A California federal court has certified a class of California consumers who allege that Blue Diamond Growers’ almond milk is mislabeled as “All Natural” and hides its added sugar content by listing “evaporated cane juice” (ECJ) on its label instead. Werdebaugh v. Blue Diamond Growers, No. 5:12-cv-2724 (U.S. Dist. Ct., N.D. Cal., San Jose Div., order entered May 23, 2014). The court granted plaintiff Chris Werdebaugh’s motion for certification of the California class but rejected his request for nationwide certification because he had not shown that California had any interest that outweighed the interests of other states in determining their own policies.

Werdebaugh argued that the “All Natural” label on Blue Diamond’s almond milk is misleading because the product contains chemical preservatives, synthetic chemicals and added artificial color, and the label also lists ECJ as an ingredient when sugar is the common name as required by the U.S. Food and Drug Administration (FDA). The court ruled that Werdebaugh had standing to pursue his claims because he relied on the “All Natural” and ECJ listing on the almond milk label, despite that he did not know what ECJ was and he “testified that his purchasing decision would not have been affected by the presence of dried cane syrup.” More information on the class action against Blue Diamond Growers appears in Issue 499 of this Update.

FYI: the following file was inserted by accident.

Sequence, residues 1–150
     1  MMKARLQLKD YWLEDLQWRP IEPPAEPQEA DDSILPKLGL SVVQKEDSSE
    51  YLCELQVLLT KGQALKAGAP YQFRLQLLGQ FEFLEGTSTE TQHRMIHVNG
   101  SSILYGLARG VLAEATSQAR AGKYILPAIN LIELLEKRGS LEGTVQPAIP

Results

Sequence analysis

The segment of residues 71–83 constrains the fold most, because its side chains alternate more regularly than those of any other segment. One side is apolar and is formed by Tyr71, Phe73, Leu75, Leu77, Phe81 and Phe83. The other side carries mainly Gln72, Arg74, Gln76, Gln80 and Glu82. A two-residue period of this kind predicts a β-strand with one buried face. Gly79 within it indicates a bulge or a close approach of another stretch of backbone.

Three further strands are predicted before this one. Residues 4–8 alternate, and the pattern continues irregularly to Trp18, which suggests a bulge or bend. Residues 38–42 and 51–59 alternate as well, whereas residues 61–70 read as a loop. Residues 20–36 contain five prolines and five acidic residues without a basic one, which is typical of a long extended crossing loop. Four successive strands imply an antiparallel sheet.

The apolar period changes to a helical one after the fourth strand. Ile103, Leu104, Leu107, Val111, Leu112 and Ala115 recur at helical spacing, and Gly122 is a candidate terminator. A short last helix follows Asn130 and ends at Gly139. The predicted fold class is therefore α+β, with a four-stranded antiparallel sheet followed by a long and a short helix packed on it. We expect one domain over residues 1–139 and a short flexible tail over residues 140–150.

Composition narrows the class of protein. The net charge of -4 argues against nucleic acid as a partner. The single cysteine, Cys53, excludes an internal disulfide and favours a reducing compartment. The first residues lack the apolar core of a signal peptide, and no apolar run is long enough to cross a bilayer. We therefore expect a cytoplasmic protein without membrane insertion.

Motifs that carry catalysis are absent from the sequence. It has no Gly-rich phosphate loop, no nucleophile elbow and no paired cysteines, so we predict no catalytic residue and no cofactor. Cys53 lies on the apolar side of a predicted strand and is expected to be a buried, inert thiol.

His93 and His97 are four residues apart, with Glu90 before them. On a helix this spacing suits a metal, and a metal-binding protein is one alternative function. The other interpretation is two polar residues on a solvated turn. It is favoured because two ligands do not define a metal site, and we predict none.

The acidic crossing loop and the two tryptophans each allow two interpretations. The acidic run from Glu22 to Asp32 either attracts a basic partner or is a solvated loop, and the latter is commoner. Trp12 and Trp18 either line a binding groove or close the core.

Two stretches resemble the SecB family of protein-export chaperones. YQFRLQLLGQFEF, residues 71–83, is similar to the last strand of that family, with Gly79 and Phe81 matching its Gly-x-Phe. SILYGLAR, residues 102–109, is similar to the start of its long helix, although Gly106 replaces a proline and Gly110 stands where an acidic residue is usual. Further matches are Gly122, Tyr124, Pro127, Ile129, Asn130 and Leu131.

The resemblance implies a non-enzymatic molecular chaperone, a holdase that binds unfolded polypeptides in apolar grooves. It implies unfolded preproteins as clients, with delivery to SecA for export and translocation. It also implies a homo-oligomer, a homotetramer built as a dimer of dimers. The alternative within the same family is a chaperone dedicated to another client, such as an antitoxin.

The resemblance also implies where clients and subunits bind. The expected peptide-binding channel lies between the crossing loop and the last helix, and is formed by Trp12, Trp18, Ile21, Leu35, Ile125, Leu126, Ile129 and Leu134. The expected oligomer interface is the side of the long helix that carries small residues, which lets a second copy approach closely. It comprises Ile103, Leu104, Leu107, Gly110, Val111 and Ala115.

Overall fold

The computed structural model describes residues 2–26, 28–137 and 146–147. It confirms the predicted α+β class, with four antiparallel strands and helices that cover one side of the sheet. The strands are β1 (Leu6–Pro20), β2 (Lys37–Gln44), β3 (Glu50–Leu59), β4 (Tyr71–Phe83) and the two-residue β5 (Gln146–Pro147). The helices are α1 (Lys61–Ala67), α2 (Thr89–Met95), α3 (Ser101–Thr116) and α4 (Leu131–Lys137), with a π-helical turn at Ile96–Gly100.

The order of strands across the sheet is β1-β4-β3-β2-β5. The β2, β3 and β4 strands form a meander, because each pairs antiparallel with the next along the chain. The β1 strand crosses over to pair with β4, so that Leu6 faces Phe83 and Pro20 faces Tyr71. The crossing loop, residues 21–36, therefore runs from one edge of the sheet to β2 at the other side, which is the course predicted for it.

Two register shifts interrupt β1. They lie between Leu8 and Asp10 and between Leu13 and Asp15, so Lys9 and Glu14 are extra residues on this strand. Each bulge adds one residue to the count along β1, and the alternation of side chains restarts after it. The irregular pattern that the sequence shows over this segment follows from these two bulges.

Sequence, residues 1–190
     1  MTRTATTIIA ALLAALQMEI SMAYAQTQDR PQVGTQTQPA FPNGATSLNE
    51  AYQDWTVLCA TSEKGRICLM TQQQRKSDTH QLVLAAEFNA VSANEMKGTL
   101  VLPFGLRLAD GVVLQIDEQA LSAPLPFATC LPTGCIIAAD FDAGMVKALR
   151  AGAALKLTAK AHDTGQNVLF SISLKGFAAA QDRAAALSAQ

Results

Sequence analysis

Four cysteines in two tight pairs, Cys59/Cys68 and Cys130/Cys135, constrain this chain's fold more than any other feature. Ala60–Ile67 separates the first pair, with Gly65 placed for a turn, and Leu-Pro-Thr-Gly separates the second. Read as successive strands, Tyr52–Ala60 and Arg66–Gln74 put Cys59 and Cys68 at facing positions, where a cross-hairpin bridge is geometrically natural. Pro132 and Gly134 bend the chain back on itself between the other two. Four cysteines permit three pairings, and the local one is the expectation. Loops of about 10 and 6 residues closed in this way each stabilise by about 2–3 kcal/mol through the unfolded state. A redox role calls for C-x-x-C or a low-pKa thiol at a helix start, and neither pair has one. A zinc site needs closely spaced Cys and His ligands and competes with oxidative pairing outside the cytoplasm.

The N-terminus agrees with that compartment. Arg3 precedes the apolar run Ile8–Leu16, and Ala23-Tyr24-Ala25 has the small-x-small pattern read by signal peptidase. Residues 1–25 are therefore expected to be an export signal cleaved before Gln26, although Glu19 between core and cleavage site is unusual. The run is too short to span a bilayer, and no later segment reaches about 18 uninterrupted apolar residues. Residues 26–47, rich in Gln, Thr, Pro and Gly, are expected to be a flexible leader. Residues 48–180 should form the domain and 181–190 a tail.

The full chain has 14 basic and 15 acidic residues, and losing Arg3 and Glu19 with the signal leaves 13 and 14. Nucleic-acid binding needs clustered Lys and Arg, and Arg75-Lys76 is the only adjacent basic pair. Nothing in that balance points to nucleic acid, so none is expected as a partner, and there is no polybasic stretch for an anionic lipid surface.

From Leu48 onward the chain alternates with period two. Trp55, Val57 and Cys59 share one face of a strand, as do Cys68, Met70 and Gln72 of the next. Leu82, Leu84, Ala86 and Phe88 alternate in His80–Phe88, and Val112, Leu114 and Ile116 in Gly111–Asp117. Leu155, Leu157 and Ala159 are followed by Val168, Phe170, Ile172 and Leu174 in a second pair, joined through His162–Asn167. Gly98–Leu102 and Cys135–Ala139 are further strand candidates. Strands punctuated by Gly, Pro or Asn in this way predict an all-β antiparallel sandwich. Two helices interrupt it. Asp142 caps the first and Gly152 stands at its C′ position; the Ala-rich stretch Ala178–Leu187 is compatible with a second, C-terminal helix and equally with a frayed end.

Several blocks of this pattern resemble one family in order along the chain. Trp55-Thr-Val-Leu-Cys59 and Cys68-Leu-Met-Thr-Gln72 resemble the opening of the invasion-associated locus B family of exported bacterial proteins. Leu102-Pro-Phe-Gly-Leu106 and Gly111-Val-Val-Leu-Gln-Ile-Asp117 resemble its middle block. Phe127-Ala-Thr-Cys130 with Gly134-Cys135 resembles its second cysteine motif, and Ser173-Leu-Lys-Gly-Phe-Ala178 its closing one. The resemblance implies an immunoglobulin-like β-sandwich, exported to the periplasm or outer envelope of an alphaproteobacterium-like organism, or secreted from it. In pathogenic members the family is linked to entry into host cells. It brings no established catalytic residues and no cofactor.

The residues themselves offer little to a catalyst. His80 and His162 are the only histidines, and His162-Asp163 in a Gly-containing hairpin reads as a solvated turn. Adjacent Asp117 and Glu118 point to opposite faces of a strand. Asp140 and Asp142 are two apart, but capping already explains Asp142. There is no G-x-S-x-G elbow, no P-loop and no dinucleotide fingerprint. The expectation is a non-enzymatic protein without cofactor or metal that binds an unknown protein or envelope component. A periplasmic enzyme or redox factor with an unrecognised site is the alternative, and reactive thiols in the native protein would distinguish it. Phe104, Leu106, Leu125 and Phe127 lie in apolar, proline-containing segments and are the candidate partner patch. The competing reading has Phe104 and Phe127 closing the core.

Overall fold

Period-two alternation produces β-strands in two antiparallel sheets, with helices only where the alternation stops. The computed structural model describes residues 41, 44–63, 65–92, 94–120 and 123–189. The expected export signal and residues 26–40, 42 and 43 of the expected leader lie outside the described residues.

While the court did not rule that listing ECJ constitutes mislabeling, the decision stands in contrast to a recent wave of dismissals in putative class actions as other courts wait for FDA’s determination on whether ECJ is simply sugar. For example, in Gitson v. Clover Stornetta Farms Inc., a California federal court has dismissed claims of ECJ mislabeling without prejudice while it waits for FDA guidance. Gitson v. Clover Stornetta Farms Inc., No. 3:13-cv-1517 (U.S. Dist., N.D. Cal., order entered May 30, 2014). More information on recent ECJ cases appears in Issue 524 of this Update.